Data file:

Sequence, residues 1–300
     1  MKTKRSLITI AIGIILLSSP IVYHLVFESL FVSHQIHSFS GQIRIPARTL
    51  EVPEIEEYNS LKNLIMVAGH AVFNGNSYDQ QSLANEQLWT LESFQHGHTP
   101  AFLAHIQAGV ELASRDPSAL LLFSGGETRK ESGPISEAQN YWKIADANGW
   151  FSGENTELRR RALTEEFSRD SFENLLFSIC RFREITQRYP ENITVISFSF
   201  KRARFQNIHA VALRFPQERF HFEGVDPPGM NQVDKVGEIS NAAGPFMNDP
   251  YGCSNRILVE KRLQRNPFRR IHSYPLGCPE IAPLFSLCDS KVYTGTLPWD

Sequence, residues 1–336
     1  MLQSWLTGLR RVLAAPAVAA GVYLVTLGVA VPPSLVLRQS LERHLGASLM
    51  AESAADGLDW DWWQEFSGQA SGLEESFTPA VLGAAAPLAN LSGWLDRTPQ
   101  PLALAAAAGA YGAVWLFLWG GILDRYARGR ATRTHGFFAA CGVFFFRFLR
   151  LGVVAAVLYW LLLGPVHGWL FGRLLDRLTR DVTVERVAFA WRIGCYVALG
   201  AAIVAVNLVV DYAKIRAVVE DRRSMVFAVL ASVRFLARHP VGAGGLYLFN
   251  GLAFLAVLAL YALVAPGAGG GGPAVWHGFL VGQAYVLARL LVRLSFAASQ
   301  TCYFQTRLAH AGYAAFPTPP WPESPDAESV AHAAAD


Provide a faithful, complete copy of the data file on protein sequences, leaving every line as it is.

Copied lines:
Sequence, residues 1–300
     1  MKTKRSLITI AIGIILLSSP IVYHLVFESL FVSHQIHSFS GQIRIPARTL
    51  EVPEIEEYNS LKNLIMVAGH AVFNGNSYDQ QSLANEQLWT LESFQHGHTP
   101  AFLAHIQAGV ELASRDPSAL LLFSGGETRK ESGPISEAQN YWKIADANGW
   151  FSGENTELRR RALTEEFSRD SFENLLFSIC RFREITQRYP ENITVISFSF
   201  KRARFQNIHA VALRFPQERF HFEGVDPPGM NQVDKVGEIS NAAGPFMNDP
   251  YGCSNRILVE KRLQRNPFRR IHSYPLGCPE IAPLFSLCDS KVYTGTLPWD

Sequence, residues 1–336
     1  MLQSWLTGLR RVLAAPAVAA GVYLVTLGVA VPPSLVLRQS LERHLGASLM
    51  AESAADGLDW DWWQEFSGQA SGLEESFTPA VLGAAAPLAN LSGWLDRTPQ
   101  PLALAAAAGA YGAVWLFLWG GILDRYARGR ATRTHGFFAA CGVFFFRFLR
   151  LGVVAAVLYW LLLGPVHGWL FGRLLDRLTR DVTVERVAFA WRIGCYVALG
   201  AAIVAVNLVV DYAKIRAVVE DRRSMVFAVL ASVRFLARHP VGAGGLYLFN
   251  GLAFLAVLAL YALVAPGAGG GGPAVWHGFL VGQAYVLARL LVRLSFAASQ
   301  TCYFQTRLAH AGYAAFPTPP WPESPDAESV AHAAAD